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Eun Sung Park

Who better to organize a conference on second language research than a Korean woman who speaks perfect English with a hint of an Indian accent?

That would be TC doctoral student Eun Sung Park, whose father, an irrigation engineer, took his family from Seoul when his daughter was in the fifth grade to go wherever the floods were -- primarily Bangladesh and Indonesia. Park learned to speak English in a remote mountain boarding school in the Tamil-Nadu section of India. These were the days before the development of ESL instruction, she says, so she essentially spent her entire seventh-grade year learning English, with virtually no content instruction. "I had maybe two classes in math a week and that was it," she says.

After completing her secondary education in schools throughout the developing world, Park enrolled, sight-unseen, at Mount Holyoke College. She found herself beset by constant culture shock.

This was 1987, and students there were very sheltered," she says. "We had nothing in common -' in India; I'd never even had a television."

Returning to Korea to work as a translator during the 1988 Olympic Games and then found herself on the other side of a cultural divide. Anti-U.S. sentiment was so strong at the time that even knowing English was frowned upon, so she didn't speak the language for seven years. Despite all this, she decided to give the U.S. another try, enrolling in a master's program at TC in 1994. The second time proved the charm. "New York City is so international that I fit right in," Park said.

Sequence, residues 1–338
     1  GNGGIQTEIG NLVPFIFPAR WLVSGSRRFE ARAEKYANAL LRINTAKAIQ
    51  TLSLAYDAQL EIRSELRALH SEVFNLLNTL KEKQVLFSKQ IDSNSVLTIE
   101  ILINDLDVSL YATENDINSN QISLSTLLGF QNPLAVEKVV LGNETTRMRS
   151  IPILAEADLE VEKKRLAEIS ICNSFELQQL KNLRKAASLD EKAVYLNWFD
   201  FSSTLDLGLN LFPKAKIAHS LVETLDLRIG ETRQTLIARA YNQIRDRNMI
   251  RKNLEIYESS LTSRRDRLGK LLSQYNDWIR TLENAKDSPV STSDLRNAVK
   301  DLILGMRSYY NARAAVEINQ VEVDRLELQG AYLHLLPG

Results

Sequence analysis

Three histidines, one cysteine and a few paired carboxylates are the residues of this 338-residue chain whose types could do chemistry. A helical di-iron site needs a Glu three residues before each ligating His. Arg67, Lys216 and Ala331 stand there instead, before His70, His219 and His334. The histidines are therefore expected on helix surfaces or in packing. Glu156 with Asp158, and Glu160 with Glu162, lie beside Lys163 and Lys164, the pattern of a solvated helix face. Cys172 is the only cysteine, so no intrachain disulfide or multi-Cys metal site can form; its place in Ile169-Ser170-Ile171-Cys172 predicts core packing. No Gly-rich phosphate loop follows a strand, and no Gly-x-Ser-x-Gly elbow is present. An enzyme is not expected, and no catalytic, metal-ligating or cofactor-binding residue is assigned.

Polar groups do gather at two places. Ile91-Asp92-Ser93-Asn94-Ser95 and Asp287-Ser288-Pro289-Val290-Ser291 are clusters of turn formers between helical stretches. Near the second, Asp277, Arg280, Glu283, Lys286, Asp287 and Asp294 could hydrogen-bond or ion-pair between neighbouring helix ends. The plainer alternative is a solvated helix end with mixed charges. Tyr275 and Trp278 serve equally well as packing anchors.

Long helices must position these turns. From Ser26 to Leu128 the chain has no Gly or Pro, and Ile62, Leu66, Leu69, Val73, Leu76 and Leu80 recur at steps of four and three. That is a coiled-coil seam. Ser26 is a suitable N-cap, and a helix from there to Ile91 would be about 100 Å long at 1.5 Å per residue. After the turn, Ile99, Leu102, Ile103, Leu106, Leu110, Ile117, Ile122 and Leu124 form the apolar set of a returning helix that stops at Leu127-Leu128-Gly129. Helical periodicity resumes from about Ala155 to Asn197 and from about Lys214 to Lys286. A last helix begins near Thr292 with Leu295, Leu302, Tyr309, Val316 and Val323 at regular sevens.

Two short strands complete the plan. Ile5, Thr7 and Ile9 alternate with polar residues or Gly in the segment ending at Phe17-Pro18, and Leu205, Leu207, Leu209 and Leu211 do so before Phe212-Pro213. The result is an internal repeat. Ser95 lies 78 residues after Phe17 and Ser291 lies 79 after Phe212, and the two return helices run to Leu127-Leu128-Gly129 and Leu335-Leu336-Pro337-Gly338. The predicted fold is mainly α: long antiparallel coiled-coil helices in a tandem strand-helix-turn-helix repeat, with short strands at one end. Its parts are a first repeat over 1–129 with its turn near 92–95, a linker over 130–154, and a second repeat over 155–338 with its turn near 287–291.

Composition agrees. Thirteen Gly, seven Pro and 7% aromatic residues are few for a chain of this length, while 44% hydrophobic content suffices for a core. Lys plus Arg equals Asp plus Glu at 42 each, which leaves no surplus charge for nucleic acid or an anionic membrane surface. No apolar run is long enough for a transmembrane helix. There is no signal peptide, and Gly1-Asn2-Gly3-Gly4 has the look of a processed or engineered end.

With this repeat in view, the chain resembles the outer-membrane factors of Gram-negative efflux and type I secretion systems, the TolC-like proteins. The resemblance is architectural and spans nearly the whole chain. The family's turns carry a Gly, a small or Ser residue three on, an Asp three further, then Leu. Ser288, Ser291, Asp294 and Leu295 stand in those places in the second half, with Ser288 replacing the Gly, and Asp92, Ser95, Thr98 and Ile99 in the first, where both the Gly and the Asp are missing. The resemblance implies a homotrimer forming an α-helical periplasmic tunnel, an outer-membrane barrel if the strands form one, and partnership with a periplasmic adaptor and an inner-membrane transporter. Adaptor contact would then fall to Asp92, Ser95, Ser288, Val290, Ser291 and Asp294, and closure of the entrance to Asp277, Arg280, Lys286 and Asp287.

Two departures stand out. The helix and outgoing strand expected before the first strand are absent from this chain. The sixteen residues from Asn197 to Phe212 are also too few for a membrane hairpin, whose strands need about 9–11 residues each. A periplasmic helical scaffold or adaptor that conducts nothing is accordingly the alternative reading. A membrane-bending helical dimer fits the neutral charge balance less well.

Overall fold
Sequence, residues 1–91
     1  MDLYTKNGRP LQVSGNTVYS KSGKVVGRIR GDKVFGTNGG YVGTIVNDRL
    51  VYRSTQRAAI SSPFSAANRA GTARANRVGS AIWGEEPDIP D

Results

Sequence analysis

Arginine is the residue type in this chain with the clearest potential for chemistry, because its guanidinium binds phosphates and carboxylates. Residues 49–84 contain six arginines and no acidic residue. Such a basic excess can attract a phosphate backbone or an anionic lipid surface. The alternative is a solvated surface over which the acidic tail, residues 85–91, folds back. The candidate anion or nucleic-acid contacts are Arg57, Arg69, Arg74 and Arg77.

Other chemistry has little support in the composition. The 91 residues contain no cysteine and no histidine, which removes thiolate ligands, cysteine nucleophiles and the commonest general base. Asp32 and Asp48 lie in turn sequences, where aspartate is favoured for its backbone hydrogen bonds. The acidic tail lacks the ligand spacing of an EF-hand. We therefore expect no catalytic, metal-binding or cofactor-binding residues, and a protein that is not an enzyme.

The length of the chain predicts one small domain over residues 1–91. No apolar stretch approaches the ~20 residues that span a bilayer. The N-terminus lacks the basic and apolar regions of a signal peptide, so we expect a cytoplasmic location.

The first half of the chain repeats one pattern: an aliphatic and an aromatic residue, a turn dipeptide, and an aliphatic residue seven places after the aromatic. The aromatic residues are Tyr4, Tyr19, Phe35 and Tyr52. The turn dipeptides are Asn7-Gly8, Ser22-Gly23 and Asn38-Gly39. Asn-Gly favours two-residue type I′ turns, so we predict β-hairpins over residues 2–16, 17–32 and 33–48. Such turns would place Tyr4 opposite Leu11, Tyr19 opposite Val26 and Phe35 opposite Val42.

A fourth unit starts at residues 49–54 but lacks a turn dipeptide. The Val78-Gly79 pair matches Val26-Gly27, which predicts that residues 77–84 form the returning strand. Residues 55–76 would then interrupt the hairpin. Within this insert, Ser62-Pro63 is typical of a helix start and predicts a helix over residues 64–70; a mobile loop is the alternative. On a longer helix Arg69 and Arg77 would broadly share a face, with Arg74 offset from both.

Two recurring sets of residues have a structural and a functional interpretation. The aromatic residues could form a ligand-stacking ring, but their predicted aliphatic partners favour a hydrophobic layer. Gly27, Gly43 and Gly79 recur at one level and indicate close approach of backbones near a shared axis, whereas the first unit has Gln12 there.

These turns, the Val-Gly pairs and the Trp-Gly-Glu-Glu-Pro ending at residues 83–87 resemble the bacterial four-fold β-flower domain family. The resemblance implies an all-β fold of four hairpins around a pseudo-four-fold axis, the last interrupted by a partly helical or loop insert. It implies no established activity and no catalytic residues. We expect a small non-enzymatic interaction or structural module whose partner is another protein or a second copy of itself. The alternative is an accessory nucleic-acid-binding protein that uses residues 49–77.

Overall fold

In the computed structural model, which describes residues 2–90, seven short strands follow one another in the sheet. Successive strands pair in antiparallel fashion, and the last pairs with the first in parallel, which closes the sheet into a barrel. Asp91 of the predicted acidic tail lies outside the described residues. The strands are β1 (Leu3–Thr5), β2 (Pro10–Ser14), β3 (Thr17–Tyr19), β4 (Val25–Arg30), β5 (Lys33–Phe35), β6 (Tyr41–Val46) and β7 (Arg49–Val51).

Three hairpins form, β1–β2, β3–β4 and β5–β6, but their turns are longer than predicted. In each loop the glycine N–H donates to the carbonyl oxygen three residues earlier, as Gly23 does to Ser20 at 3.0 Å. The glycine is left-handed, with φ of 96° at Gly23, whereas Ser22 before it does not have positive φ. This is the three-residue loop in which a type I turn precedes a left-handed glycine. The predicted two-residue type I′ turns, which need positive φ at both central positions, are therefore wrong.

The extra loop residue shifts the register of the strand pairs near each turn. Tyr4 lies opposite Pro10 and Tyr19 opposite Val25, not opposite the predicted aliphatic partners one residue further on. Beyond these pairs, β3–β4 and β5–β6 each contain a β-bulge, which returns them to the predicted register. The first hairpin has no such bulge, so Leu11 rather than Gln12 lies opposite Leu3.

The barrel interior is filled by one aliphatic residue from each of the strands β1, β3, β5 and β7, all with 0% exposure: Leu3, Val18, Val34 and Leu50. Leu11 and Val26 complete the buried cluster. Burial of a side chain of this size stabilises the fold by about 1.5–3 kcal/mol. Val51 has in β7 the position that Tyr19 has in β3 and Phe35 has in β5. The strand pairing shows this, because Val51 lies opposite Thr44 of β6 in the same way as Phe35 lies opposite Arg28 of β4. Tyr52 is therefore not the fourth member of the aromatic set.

Meanwhile, she's developed a love for teaching second languages to adults. "Adults are so motivated, and second languages are an important social and academic tool for them," she says. "If you don't know the language of the area you live in, you can appear to be rude or incompetent." After earning her master's degree, she went back to Korea to lecture at Sogang University and was featured on a Seoul radio program teaching beginner's English. "Language instruction for adults can be expensive, so this was a cheap way for a lot of people to get valuable instruction," she says. After some time at the university, she realized that a doctorate would help her be a more affective advocate for second language instruction, and came back to TC in 2000.

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